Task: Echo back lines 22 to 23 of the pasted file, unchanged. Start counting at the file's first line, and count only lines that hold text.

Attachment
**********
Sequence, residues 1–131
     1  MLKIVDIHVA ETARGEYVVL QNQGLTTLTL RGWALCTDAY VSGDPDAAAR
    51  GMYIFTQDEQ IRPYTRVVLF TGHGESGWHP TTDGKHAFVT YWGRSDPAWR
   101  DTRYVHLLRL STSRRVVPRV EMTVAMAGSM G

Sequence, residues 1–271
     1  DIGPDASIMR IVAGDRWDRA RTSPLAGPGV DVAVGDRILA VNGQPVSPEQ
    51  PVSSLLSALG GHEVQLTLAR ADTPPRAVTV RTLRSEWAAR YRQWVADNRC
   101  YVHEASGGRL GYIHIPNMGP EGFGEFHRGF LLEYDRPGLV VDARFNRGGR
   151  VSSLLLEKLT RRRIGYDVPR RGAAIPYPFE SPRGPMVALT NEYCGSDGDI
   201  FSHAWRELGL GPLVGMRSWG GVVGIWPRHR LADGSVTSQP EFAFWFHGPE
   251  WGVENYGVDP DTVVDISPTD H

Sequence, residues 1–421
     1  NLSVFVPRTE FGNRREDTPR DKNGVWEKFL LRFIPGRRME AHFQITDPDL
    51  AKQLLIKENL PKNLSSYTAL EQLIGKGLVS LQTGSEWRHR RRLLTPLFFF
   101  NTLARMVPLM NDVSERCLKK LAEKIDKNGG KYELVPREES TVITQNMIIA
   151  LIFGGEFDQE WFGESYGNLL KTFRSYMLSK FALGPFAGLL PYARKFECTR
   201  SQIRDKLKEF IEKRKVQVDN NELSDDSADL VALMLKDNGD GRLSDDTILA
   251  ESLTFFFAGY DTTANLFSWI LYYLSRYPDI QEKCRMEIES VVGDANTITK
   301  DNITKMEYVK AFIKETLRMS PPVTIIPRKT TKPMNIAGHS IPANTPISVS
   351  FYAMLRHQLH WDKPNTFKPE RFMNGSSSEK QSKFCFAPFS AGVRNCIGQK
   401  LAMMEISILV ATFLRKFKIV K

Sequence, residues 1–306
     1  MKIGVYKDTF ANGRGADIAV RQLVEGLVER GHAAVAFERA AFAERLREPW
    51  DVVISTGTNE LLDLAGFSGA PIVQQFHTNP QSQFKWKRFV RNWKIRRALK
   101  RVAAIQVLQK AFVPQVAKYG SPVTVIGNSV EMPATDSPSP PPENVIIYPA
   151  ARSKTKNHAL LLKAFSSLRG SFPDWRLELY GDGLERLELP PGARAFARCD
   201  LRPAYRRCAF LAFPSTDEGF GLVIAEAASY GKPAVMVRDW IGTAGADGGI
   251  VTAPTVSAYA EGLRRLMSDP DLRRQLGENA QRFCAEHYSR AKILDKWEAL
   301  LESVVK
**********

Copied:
Sequence, residues 1–306
     1  MKIGVYKDTF ANGRGADIAV RQLVEGLVER GHAAVAFERA AFAERLREPW